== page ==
The Annie E. Casey Foundation has issued a warning to policymakers and child advocates of troubling consequences for the nation’s kids with the likely undercount of about 1 million children under age 5 in the 2020 census, as the Foundation released the 2018 KIDS COUNT® Data Book, its annual look at child well-being in the United States.
The undercounting of about 1 million children under five poses a threat to their well-being and putting programs like BadgerCare, SNAP, child care, and free lunch programs in jeopardy in Wisconsin.
“If we don’t count children, we render their needs invisible and their futures uncertain,” said Casey Foundation President and CEO Patrick McCarthy, in a statement. “A major census undercount will result in overcrowded classrooms, shuttered Head Start programs, understaffed hospital emergency rooms and more kids without health care.”
Underfunding, poor management at the Census Bureau, and new methods of collecting data are likely to lead to an inaccurate 2020 census count.
“All people, including children, have a right to be counted and represented in our democracy,” says Ken Taylor, executive director of Kids Forward, in a statement. “An accurate census is essential to get a reliable picture of child, family, and community well-being across Wisconsin. Kids won’t count if we don’t count kids.”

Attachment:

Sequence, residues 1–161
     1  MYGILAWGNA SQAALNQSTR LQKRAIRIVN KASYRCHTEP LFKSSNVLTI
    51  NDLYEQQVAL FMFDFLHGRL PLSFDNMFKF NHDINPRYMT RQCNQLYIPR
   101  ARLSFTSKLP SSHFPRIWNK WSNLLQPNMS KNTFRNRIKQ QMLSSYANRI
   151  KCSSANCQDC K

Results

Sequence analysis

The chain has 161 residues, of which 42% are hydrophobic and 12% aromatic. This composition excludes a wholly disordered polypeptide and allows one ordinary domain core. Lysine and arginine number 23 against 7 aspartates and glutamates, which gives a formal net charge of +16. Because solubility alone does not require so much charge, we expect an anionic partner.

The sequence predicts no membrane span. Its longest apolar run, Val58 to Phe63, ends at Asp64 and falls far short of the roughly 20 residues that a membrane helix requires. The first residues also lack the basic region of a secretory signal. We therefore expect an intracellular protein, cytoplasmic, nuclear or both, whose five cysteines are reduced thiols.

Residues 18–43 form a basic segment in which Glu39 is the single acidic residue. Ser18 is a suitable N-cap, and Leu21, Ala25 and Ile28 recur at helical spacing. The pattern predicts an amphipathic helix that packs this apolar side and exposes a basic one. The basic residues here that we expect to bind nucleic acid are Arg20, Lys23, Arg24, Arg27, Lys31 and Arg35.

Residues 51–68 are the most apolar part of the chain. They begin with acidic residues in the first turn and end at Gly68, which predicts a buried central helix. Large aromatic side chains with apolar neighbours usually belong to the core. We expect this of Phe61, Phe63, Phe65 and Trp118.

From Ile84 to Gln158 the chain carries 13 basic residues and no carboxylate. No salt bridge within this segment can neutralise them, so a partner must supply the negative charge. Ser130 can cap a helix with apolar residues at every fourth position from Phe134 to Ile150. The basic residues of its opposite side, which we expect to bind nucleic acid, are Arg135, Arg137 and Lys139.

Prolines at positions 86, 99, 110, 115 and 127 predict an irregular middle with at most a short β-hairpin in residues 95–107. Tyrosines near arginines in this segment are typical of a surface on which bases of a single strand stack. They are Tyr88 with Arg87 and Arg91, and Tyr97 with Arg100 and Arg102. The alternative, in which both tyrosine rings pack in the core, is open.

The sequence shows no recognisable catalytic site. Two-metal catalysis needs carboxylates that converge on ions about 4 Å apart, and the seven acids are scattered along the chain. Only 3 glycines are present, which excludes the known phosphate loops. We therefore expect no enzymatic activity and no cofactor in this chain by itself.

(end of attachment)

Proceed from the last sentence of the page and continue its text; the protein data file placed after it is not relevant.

Wisconsin is ranked 12th overall in child well-being, according to the annual KIDS COUNT Data Book. That relatively high ranking is masking some very high racial disparities, says Taylor.
“Policymakers could be doing a better job at creating policies and programs that provide opportunities for every child in the state—especially children of color,” Taylor said in a press release. “The gap in well-being between white children and children of color in Wisconsin is shameful. It’s time policymakers prioritize closing these gaps and target investments at programs and policies that support both parents and children of color.”
According to the U.S. Census Bureau, 49 percent of African American children live in poverty compared to 10 percent of white children in the state. In addition, 39 percent of American Indian children, 33 percent Latino children, and 22 percent of Asian American children in Wisconsin live in poverty.